Ethan Kross and Ozlem Ayduk, Making Meaning Out of Negative Experiences by Self-Distancing, 20 Current In Psychological Science No. 3, 187 (2005).

Teresa F. Frisbie, Raising Emotional Intelligence at the Mediation Table, 24 Dispute Resolution Magazine, No. 2, 19 (Winter, 2018).

Daniel J. Siegel, Mindsight  The New Science of Personal Transformation, p. 33 (2010).



Sleep Matters!

As lawyers, we are under constant pressure to work more and sleep less. However, it’s important that we prioritize sleep to the benefit of our careers, our health, and our happiness.

“The shorter your sleep, the shorter your life,” says Sleep Scientist Matt Walker in an April 2019 Ted Talk. During his talk, entitled Sleep is Your Superpower, Walker explores the many physiological downsides to not getting enough sleep. 

Not getting enough sleep can suppress your immune system, and may lead to increased risks of inflammation, cardiovascular disease, dementia, and Alzheimer’s disease. Walker also describes how sleep impacts memory—without enough sleep, the brain has difficulty forming and storing new memories.  “Sleep isn’t an optional lifestyle luxury, it’s a nonnegotiable biological necessity,” Walker implores.

Indeed, there is evidence that getting less sleep may be linked to increased mortality rates. Recent research cited in an article in the British Psychological Society’s Research Digest states that “approximately 65 minutes more than, or under, the average nightly sleep duration (7 hours in this sample) was associated with a 10 per cent increased risk of dying over the course of the study.”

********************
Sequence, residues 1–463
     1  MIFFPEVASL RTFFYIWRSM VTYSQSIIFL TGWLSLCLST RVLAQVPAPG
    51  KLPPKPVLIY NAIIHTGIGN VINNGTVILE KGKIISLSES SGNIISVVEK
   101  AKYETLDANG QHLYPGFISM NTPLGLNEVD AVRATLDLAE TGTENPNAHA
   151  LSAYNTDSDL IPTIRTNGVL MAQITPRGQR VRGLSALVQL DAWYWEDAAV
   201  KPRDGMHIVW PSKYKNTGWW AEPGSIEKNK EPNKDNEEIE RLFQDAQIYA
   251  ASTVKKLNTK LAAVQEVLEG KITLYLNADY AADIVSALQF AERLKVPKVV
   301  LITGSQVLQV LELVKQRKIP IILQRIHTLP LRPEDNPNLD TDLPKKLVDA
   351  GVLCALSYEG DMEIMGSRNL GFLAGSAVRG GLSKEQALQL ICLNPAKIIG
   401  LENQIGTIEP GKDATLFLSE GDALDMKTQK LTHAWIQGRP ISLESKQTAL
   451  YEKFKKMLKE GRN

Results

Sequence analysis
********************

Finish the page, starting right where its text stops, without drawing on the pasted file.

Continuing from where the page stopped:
The article, called “Researchers identify sleep as a key reason why personality traits predict longevity,” explores the connections between personality, sleep, and health. For instance, participants who scored low on the trait of conscientiousness also tended to be people who got less sleep and were more likely to die before the end of the research period.

Additionally, the National Health Institute has a wealth of information about how sleep (or lack thereof) plays a role in health, safety, brain performance, and learning. Scientific research continually reminds us that sleep is important for both our physical and mental well-being, but what can we do to get more or better quality sleep?

We’ve created a free downloadable PDF e-book, Sleep Matters!. Not only do we further explore why sleep matters, but we offer tips to help you improve your sleeping habits and provide a document that you can use to track your sleep. This book is part of our Healthy Habits content series and Happy Effective Lawyer Workstyles, which also include several other e-books. We hope that you find these resources to be helpful in improving your practice of both law and life.

Our Chosen Business: Developing Core Competencies

This series explores the importance of soft skills and the development of core competencies involved in decision-making and effective client representation. My model addresses core competencies within five categories that are observable, teachable, and learnable by lawyers.

To learn this model, feel free to download my latest Effective Lawyer column published in the Pennsylvania Lawyer magazine of the Pennsylvania Bar Association. 

If you are interested in receiving PDF’s of any of the others in the series listed here, please email me at robertcreo@happyeffectivelawyer.org.